SAN MIGUEL Iglesia Fuente De Agua Viva 301 13th St. Services: 10 a.m. & 7 p.m. Pastor Mike Duran (805) 467-5500 Mission San Miguel Parish 775 Mission Street Weekday Mass: 8 a.m. Weekend Mass: Saturday: 5 p.m. English (Vigil) & 6:30 p.m. Spanish (Vigil) Sunday: 7 a.m., Noon & 6 p.m. (Spanish) Father Eleazar Diaz, OFM (805) 467-2131

SHANDON Shandon Assembly of God 420 Los Altos Ave. Pastor Keith Richards Pastor Jim Mei (805)226-9737 Spanish Service: Sunday 5 p.m. & Thurs 7 p.m. Pastor Mauro Jimenez

Paso Magazine P.O. Box 427 Paso Robles, CA 93447 Phone: 805-239-1533 or

North County Athletes Going y College

these graduating seniors will continue their athletic prowess at the college level By Connor Allen


lthough there was little or no spring season for all local athletes due to the COVID-19 pandemic, there are still several north county athletes who will be moving on and continuing playing their sport at the next level in college. Unfortunately, due to social distancing and the shelter-at-home orders, the athletes have been stripped of their moment in the sun and the ability to celebrate, embrace and smile with their friends and family in a memory that will stay with them for a lifetime. We at the Paso Robles Magazine and Colony Magazine want to do our part in recognizing greatness and the dedication it takes to excel both off an on the court or field. The Paso Robles Bearcats softball entered this spring season as the favorites in the county to bring home the league title in large part due to their seven standout senior leaders on the team. Despite not being able to defend their championship coach Billy Tidwell’s seven seniors will be attending college with two girls sticking to athletics in Sophia Prietto, who has signed to play volleyball at Westminster College and Hillary Conner who will run track and field at Linfield College in Oregon. The Bearcats five other seniors will also be continuing their education with Madison Howard, and Becca Stroud attending Cal Poly, Karli Whisenhunt attending Montana State, Hannah Tibbets at Sacramento State while Mya Gonzales is going to Cuesta and plans to join their up-and-coming soccer team that has helped several former Bearcats in the recent past. A Heavenly Home.................................. 25 Adelaide Inn........................................... 33 AM Sun Solar ..........................................02 American Riviera Bank ...........................15 Athlon Fitness & Performance ................28 Avila Traffic Safety ...................................14 Blake’s True Value................................... 11 Bridge Sportsman’s Center ....................21 CalSun Electric & Solar ...........................27 City of Paso Robles Rec & Library ...........09 Coast Electronics .....................................16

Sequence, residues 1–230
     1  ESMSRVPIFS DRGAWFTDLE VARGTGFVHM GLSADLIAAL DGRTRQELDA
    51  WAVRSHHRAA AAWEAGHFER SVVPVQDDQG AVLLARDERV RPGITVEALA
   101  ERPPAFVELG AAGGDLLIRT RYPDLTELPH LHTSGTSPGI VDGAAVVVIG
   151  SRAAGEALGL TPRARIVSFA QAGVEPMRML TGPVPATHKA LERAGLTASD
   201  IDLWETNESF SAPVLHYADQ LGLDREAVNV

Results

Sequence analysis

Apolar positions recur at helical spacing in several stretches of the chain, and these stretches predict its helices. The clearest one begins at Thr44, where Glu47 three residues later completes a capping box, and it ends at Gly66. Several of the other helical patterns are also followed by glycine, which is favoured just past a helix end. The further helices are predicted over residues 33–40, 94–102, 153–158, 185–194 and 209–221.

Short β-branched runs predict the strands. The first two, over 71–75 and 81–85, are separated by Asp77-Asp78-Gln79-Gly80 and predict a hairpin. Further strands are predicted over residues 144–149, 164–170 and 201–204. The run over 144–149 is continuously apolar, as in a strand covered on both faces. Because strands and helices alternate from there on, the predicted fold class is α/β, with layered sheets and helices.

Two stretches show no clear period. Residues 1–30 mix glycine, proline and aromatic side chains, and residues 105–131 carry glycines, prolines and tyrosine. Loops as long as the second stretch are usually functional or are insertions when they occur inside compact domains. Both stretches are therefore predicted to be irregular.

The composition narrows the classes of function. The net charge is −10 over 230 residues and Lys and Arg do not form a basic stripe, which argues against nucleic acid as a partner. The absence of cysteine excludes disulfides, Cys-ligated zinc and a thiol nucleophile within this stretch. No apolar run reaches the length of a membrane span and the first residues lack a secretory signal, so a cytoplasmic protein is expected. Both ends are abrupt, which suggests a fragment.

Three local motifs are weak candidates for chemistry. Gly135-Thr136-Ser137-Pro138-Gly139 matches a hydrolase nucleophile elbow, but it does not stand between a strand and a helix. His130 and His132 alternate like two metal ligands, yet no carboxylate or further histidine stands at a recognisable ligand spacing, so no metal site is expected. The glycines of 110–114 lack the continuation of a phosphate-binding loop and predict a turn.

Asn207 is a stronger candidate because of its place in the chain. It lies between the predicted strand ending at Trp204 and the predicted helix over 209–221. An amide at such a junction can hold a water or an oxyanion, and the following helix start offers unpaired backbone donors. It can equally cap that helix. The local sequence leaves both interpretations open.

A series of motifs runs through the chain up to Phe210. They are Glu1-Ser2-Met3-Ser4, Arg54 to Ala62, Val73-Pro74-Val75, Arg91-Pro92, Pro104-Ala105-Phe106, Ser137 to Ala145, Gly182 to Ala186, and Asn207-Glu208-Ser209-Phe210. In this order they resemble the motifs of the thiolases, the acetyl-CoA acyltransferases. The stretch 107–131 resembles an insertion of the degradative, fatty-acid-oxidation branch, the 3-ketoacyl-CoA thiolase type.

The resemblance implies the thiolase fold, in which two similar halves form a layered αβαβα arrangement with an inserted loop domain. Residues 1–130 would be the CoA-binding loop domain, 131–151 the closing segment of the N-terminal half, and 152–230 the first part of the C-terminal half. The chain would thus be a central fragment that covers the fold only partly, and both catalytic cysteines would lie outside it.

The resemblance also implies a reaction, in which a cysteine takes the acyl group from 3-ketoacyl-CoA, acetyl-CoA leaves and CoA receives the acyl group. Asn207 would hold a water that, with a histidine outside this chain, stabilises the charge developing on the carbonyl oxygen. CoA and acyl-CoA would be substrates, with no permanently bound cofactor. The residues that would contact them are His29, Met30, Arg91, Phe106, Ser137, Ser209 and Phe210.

The Bearcats boys baseball coached by Jonathan Thornhill is also sending five boys to college that are looking to advance their athletic careers. Taylor Bonham (Cuesta, plans to walk on to the baseball team), Seth Maldonado (Monterey Peninsula to pursue football and baseball), Gerald Norte (Pacific University, football, and baseball), CJ Ontiveros (Mt. Sac, baseball) and Preston Regalado (Marymount University, baseball). The Templeton Eagles also have a group of athletes that will continue competing and learning at the next level, starting with Hope Erwin, who signed her National Letter of Intent to attend Fresno Pacific University, where she will quickly become a contributor to their track and field team as a thrower. Templeton senior Hannah Clark is continuing her education and will be attending Missouri Valley College, where she will play basketball while also majoring in nursing. After back-to-back shares of the Ocean League title in soccer, Templeton’s Jerett Tachovsky caught the attention of local recruiters and will be staying close to home for his school as he will begin with Cal Poly in the fall and play soccer. Senior quarterback Zack Logan is not done playing yet and has signed to play football at Monterey Peninsula College next year. Atascadero has a pair of boys that will be walking-on to athletic programs come next year in Seth Robasciotti and Logan Jones. Robasciotti will be staying close to home and has confirmed with sports reporter Connor Allen that he will be attending Cal Poly in the fall and playing football. Jones will be heading off to The University of Michigan where he will compete for a spot on the track and field team. Congratulations to all the local athletes! ■

Connect Home Loans .............................26 Dr. Stephanie Mikulics............................35 Estrella Warbirds Museum.................... 25 Farron Elizabeth ......................................13 Frontier Floors .........................................31 General Store Paso Robles .....................16 H.M. Holloway ........................................23 Hamon Overhead Door ..........................05 Handyman Brad Home Services ...........14 Harvest Senior Living, LLC...................... 05

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SETH ROBASCIOTTI Cal Poly, San Luis Obispo

HOPE ERWIN Fresno Pacific University

LOGAN JONES University of Michigan

ZACK LOGAN Monterey Peninsula College

SOPHIA PRIETO Westminster College

HILLARY CONNORS Linfield College

DIRECTORY TO OUR ADVERTISERS This issue of Paso Robles Magazine brought to you by

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JARETT TACHOVSKY Cal Poly, San Luis Obispo

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HANNAH CLARK Missouri Valley College Stove and Spa Center .............................12 Ted Hamm Ins. ........................................13 Teresa Rhyne Law Group........................ 35 The Natural Alternative ...........................17 Three Oaks Lodge ...................................27 Ward Custom Construction Inc ..............15 Wilshire Health & Community Services. 13 Writing Support Group ..........................10 Wyatt Wicks Finish Carpentry, Inc.......... 27 Yoga Inward.............................................27

Paso Robles Magazine | June 2020